Venture capitalist Sean Murphy claimed on social media that dogs in the US receive better cancer treatment than people in Nigeria. Is there any truth to this statement?
A dog receives anesthesia in preparation for radiotherapy. [Photo by the Houston Chronicle]
According to Murphy, a dog with lymphoma in Miami is more likely to have access to a radiotherapy machine than a woman with a brain tumor in Lagos. Allegedly, this is because there are more radiotherapy machines for dogs in the US than for people in Nigeria. The fact that many were outraged but not surprised says a lot about the current state of affairs when it comes to the accessibility and availability of healthcare in many countries.
However, is it indeed true that dogs in the US receive better cancer treatment than human beings in less developed nations? All this outrage may be for nothing--it’s not the first time that people have been duped by false claims. The answer, in actuality, is not as clear-cut or simple than we’d like it to be.
How many radiotherapy machines are available for the people of Nigeria? [Photo by Getty Images]
The truth is that there are indeed fewer radiotherapy machines for human cancer patients in Nigeria than there are for dogs with cancer in the US. However--and that’s a big however--there are more cancer diagnoses among US pets than there are among Nigerian people.
However, this doesn’t mean that everything is just peachy when it comes to cancer treatments in Nigeria. According to the International Atomic Energy Agency’s Directory of Radiotherapy Centers, only three radiotherapy machines in Nigeria are currently operational, and none of them is a linear accelerator. A linear accelerator has the ability to treat every part of the body.
So far, there are eight machines for treatment planning, like CT scanners, in Nigeria. However, there is no known facility or machine for brachytherapy, which enables the administration of treatment through an implant.
Even if these machines are available, however, they’ll be spread pretty thin. According to the World Bank, Nigeria has a population of nearly 186 million people. With another radiotherapy machine--this time a linear accelerator--in construction in Abuja, there will be one functional radiotherapy machine for every 46.5 million Nigerians.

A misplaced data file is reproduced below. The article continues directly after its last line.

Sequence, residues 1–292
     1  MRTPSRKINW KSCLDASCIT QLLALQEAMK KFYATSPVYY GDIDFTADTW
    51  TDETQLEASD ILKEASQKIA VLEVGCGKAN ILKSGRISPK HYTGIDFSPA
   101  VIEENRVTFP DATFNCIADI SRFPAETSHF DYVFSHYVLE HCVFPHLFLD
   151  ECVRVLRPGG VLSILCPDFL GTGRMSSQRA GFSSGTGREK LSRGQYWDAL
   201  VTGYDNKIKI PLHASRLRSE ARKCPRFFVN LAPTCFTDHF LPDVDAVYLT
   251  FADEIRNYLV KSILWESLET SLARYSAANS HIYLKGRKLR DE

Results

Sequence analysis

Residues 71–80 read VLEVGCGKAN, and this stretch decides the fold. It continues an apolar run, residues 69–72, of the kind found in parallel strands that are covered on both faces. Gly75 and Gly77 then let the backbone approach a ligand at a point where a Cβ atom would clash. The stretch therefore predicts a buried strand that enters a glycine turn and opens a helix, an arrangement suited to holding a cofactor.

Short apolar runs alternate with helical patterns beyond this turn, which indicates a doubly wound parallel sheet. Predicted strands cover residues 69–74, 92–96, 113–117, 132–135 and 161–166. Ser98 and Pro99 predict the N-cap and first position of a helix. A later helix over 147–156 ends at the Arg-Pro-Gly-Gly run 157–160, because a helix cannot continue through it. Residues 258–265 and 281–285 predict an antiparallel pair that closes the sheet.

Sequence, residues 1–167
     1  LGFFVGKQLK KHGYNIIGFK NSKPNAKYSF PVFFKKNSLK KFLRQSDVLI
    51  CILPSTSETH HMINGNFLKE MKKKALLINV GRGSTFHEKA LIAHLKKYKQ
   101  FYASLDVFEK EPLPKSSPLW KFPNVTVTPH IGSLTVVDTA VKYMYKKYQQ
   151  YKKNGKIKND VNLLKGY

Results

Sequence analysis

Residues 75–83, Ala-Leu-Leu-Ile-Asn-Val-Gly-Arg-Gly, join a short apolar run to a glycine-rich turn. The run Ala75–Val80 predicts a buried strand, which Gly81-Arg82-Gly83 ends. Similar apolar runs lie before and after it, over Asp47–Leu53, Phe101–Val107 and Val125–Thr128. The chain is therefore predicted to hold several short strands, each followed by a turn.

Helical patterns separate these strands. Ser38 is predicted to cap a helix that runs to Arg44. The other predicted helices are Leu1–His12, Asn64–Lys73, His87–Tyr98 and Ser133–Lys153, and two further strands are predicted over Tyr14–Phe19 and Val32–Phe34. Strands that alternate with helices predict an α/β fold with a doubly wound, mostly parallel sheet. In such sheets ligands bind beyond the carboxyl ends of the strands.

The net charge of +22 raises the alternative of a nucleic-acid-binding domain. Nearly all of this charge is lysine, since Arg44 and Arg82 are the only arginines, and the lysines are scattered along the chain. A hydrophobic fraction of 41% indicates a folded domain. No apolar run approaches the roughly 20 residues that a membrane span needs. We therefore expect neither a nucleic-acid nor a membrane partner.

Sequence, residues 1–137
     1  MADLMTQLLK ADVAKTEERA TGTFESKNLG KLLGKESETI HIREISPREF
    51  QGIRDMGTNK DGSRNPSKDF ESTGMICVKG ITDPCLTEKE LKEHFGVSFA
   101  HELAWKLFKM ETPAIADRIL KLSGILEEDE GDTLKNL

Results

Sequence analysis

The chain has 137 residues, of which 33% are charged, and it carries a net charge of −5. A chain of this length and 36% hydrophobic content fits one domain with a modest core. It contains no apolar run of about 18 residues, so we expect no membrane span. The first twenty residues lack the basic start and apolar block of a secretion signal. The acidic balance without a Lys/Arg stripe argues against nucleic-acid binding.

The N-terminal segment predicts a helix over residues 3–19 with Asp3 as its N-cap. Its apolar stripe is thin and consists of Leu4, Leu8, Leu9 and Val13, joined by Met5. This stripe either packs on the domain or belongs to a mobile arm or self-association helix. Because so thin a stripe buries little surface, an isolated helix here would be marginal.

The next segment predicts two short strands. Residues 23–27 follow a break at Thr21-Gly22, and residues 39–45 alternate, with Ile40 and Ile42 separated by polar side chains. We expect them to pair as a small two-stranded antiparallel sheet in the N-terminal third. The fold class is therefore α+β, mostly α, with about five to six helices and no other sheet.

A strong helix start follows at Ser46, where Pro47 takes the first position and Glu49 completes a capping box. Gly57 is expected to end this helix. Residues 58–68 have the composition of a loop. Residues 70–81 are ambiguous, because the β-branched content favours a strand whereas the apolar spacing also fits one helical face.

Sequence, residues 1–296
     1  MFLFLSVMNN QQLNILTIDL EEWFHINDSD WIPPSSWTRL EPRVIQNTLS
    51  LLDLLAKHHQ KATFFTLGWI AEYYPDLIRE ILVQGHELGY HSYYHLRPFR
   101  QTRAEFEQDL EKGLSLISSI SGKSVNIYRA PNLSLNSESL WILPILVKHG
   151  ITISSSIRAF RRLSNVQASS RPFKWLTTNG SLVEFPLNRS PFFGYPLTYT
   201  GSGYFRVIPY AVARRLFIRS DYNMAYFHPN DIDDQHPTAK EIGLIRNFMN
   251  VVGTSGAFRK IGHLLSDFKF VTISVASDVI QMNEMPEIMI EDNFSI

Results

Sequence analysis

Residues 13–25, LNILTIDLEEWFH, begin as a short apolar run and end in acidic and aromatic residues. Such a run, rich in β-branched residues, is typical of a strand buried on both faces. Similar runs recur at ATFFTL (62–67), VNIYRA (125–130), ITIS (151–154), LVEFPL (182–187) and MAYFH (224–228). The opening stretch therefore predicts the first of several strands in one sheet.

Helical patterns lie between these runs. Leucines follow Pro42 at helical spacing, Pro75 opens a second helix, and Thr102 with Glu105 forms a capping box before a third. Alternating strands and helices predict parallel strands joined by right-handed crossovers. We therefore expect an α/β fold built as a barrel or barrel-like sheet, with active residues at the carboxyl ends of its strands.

So how do pets in the US fare in terms of cancer treatments compared to people in Nigeria?
As of 2010, there are about 76 linear accelerators for animals in the US. There are around 65 million pet dogs, as well as 32 million cats, which can also fit into the machines. Thus, there is one radiotherapy machine for every 1.28 million cats and dogs in the US.
A new linear accelerator is apparently under construction in Abuja [Photo by AFP]
These numbers definitely make it look as if Murphy’s claims are right. However, we also need to take into account the fact that pet animals are more likely to get cancer than people are. In the US, about 12 million pets get cancer every year, meaning that there’s a radiotherapy machine for every 158,000 cats and dogs.
Meanwhile, according to the World Health Organization, 102,100 Nigerians were diagnosed with cancer in 2012. Thus, that’s one radiotherapy machine for every 25,500 people.
Still, for pets or humans, cancer treatment is a matter of affordability. It has been argued that many Nigerians won’t be able to shoulder the costs of receiving treatment from private facilities, which may have the equipment to treat cancer. It can also cost $10,000 to treat a pet’s cancer.
Thus, the availability of radiotherapy machines is indeed a problem not just in Nigeria, but probably other places in the world as well. However, be it for pets or humans, financial costs are another barrier to receiving adequate cancer treatment.
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